Hogan welcomes Climate deal in Durban

Environment Minister, Mr. Phil Hogan T.D., today (11 Dec 2011) welcomed the agreement reached at the UN climate conference in Durban as a major step forward in the fight against climate change. Minister Hogan said “This is a significant step forward for global action on climate change. We are moving to a legal framework that will engage all major emitters”.

The conference outcome meets the EU’s key demand by launching a process – the Durban Platform for Enhanced Action – to develop a new Protocol, another legal instrument or agreed outcome with legal force that will be applicable to all Parties to the UN Climate Convention. The decision states that this process shall raise levels of ambition in reducing greenhouse gas emissions. The new instrument is to be adopted by 2015 at the latest and is to be implemented from 2020.

At the initiative of the EU and the Alliance of Small Island States (AOSIS), the conference also agreed to launch a work plan to identify options for closing the “ambition gap” between countries’ current emissions reduction pledges for 2020 and the goal of keeping global warming below 2°C.

The Durban Package provides that a second commitment period of the Kyoto Protocol will run from 1 January 2013, thus avoiding a gap at the end of the first commitment period finishing next year.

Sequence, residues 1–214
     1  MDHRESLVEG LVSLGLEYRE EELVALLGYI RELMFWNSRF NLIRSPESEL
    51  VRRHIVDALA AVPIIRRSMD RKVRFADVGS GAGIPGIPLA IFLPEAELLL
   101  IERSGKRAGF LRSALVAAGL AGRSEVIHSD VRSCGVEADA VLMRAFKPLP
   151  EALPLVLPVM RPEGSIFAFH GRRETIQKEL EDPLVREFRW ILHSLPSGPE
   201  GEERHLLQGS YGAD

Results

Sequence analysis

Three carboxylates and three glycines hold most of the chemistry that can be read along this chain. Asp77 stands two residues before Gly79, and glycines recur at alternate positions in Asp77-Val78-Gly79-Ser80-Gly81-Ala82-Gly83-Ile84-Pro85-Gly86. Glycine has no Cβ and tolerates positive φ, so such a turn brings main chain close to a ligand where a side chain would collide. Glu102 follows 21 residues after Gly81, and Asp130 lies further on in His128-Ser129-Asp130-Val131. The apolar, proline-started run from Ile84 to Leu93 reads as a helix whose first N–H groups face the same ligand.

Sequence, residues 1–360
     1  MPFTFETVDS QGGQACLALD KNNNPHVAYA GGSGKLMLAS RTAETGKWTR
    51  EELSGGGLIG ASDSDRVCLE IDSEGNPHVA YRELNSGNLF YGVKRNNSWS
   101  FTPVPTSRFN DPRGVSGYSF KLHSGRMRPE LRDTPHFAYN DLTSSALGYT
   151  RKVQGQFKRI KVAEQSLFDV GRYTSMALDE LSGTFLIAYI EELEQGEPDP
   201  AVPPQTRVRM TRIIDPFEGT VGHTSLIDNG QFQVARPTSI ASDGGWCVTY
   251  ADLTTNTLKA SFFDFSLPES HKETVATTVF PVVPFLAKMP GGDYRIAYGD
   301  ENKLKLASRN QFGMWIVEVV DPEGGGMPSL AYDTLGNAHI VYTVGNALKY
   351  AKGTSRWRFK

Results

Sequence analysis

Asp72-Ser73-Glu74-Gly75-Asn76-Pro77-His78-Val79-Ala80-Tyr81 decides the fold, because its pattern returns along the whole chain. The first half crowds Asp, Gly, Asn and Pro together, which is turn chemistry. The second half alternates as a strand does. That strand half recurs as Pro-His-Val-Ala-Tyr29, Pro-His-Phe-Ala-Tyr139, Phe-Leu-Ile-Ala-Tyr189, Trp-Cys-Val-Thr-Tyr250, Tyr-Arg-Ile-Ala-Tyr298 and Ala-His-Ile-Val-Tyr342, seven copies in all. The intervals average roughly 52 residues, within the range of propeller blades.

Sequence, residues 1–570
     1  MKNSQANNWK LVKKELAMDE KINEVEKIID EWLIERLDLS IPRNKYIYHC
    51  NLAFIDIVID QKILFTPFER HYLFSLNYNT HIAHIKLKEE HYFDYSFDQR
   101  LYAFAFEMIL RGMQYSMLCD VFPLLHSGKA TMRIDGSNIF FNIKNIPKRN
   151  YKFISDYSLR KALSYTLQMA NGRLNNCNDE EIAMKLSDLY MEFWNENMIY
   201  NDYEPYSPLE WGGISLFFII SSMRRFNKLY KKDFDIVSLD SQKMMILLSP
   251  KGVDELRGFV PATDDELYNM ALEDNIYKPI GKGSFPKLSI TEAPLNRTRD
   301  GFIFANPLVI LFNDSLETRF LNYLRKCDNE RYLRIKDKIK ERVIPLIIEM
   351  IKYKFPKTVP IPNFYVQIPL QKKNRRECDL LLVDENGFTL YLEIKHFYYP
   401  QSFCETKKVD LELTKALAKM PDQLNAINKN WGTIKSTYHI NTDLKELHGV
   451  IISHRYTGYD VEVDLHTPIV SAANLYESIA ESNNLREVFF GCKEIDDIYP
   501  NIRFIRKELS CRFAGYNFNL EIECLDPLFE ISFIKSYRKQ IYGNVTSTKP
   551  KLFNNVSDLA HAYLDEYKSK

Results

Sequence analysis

The Minister particularly welcomed the decision in Durban to move towards a work programme on agriculture and climate change. Minister Hogan said: “Since becoming Minister I have been highlighting the need for more joined up thinking on Climate Change and Agriculture and I won supportfor this at EU leveland among certainMinisters from developing countrieswith whom I met bilaterally in Durban.Agriculture and food security are key issues for people in the developing world where the impacts of climate change are felt most”.

New international rules for forestry carbon accounting for the post-2012 period will improve the Protocol’s environmental integrity. These new rules will allow the climate change mitigation benefits of the forest sector and forest products in Ireland to be fully realised.

The Durban outcome also makes operational the new Green Climate Fund (GCF) by finalising its design and governance arrangements. The GCF is expected to be one of the major distribution channels for the US$ 100 billion in assistance which developed countries have pledged to mobilise for developing nations annually by 2020 in the context of meaningful mitigation efforts.

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